we are doing it to you.
We shall endeavor
to seek out the least and love them,
to give food to the hungry and water to the thirsty,
to welcome the stranger and clothe the naked,
to care for the sick and accompany the imprisoned.
 
We lift to you
the people and communities on our hearts
whom we love because you first loved us,
who are beloved regardless of their brokenness.
 
(Prayers for people and communities in need)
May each one be filled
with the certainty of your love.
May they find healing and wholeness,
confident of your acceptance.
 
We pray, too, for those in power,
those the world sees as the greatest among us,
but who you know are not without sin.
They, too, are only redeemed by love.
 
We ask that you persuade them, Lord,
to wield their power, wealth, and status,
not as weapons, but as tools to build your kin-dom.
May they contribute
to the healing and wholeness of your world.
 
(prayers for those in power)
 
May each of these,
know your love deeply,
be inspired to do your will,
and to act and decree with loving kindness.
 
Every day, God, we see our brokenness
and the brokenness of others.
If you marked our transgressions, Lord,
who would stand?
May your love fill us with such confidence
that we can meet the transgressions of others
with forgiveness and love,
tending to a cycle of healing
and breaking the cycle of brokenness.
 
May we, restored and full of gladness,
work towards the building of your kin-dom,
conquering pain with compassion,
overcoming fear with trust,
knowing we are nurtured and protected
by your love. Amen.

For more highlights on this text and others we’ve looked at this past semester, see our Instagram posts, other reflections, and the weekly emails.

Collect Prayer for Luke 20:9-19

The following prayer was written for the March 29 Wine Before Breakfast service in response to the text of Luke 20:9-19, the parable of the tenants.

Creator who sets free,
you give second and third chances
and punish those who are dishonorable.
Open our hearts to heed your word
so that the vulnerable receive care,
those who have done harm
are held accountable,
and we might welcome you with open arms.
Set us free, O Gracious God.

For more thoughts on the parable of the tenants, see our Instagram post and the weekly email on this text.\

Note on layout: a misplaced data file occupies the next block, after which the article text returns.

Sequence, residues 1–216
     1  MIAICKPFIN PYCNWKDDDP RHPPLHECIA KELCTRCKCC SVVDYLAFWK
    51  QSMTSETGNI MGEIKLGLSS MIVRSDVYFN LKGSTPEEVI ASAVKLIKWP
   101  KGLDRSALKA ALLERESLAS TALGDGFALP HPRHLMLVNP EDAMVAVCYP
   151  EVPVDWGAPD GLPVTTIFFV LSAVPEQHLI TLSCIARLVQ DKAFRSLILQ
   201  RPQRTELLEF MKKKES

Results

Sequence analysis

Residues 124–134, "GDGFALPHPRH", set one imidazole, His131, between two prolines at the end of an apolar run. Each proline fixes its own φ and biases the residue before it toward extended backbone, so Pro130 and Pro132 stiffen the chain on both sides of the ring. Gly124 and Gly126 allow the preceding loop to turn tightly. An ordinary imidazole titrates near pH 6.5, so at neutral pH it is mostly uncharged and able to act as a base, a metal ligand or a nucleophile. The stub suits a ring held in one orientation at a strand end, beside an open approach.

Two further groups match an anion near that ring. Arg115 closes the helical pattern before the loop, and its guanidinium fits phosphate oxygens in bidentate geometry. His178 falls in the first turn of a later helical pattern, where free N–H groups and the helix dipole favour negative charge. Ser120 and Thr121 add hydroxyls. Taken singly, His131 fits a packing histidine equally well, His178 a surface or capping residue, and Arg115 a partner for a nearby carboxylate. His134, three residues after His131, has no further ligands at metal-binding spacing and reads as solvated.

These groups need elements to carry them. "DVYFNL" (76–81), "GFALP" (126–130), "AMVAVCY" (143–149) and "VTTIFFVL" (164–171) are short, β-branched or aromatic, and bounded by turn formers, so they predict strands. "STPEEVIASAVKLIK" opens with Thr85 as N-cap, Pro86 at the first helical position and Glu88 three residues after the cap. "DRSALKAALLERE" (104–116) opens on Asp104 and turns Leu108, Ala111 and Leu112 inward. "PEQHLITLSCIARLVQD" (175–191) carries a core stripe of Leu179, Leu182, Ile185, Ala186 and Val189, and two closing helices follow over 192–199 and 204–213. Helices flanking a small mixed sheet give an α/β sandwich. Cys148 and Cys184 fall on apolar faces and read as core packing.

Prayers of the people for Mark 11:12-25

The following prayers were written for the March 22 Wine Before Breakfast service in response to the text of Mark 11:12-25, which focuses on Jesus’ cursing the fig tree and the cleansing of the temple.

God of power,
Your word brings life and death,
shapes the world into being
and withers that which bears no fruit. 

You invite us to put our trust in you,
To send our voices to you.
You invite us to believe that you hear,
And that the answer will come. 

And so we pray for the world
    and all who are suffering,
especially for those in Ukraine and Russia,
and for those negatively affected 
    by the new covid regulations. 

[Prayers for the world and for our country]

God of power,
you entered Jerusalem on a colt
and with an army of peasants.
You entered the temple, 
became angry and raised your voice 
and overturned the tables of injustice.

Tear down the injustices in our churches,
the university and our workplaces. 
Remove those who have abused their power,
bring to light antisemitism and able-ism.
Let exploitation and thievery to wither
so that restitution may grow in its place.

May your house once again
be a place of prayer for all peoples. 
May the university and workplaces
be places where all may flourish.


[Prayers for the church and the university]

God of power, you have promised
that if we say to a mountain 
‘Lift up and go into the sea,’ 
with hearts that believe and do not doubt, 
then it will be done.

But, O God, we doubt.
Our world is filled with 
mountains of oppression,
valleys of polarization we cannot cross.  
We are weighed down by heavy burdens
placed on ourselves and one another. 

What sea can hold these mountains?
How do we not also drown from our efforts?

Help us to imagine a different world,
a world where rulers humble themselves
and fight for the poor and oppressed.
Help us imagine a world
where we tear down mountains together
and where all creation flourishes. 
 
We lift up ourselves and those close to us.
Help us to trust in you.
Help us to believe your promises.

[Prayers for those close to us]

God of power,
we believe you hear us. 
May we trust in you. 

As we wait for your answer,
give us courage as we fight for justice,
give us wisdom to rest in your presence,
and fill us with hope.
Amen.

Prayers of people from March 8, 2022 – based on the story of the Syrophoenician woman in Mark 7:24-30

Prayers adapted from those written by Luke T on this passage in November 2017.

Creator, Son, Spirit
Your Kingdom is for us
Your Kingdom is for all
God of all earth, all people, all relationships
We are hurting.
The earth is not as in heaven.
 
We keep power for ourselves, abusing it even.
We eat the bread and keep the scraps for ourselves.
The earth is not as in heaven.
Or we discard the scraps,
only giving away what we no longer want.
The earth is not as in heaven.
 
But we want to be inclusive
Included
Welcoming
Welcomed
We want to love
Be loved
Because your Kingdom is for us
Your Kingdom is for all
 
[Silent and spoken prayers for hospitality and inclusivity for the church and the world]
 
God of grace,
For the times we have excluded
The times we have withheld even the scraps
Withheld the warmth of hospitality
 
Withheld care and compassion
Equality and empathy,
When we have forgotten
Your Kingdom is for all

When we forget the outsider
The foreigner
The less equal
We confess our sin to You.
[Prayers of confession]
 
God of hope,
For the times we are included
The times we have been given so much
Felt the warmth of hospitality
The comfort and love of community
The times we have been empowered
And seen so clearly
Your Kingdom is for all
 
When we find your love
In likely and unlikely places
We give you thanks.
[Prayers of gratitude]
 
Creator, Son, Spirit
Draw us into Your divine love
Ever present
Ever welcoming
Ever submitting
Ever generous
Teach us Your love
Amen.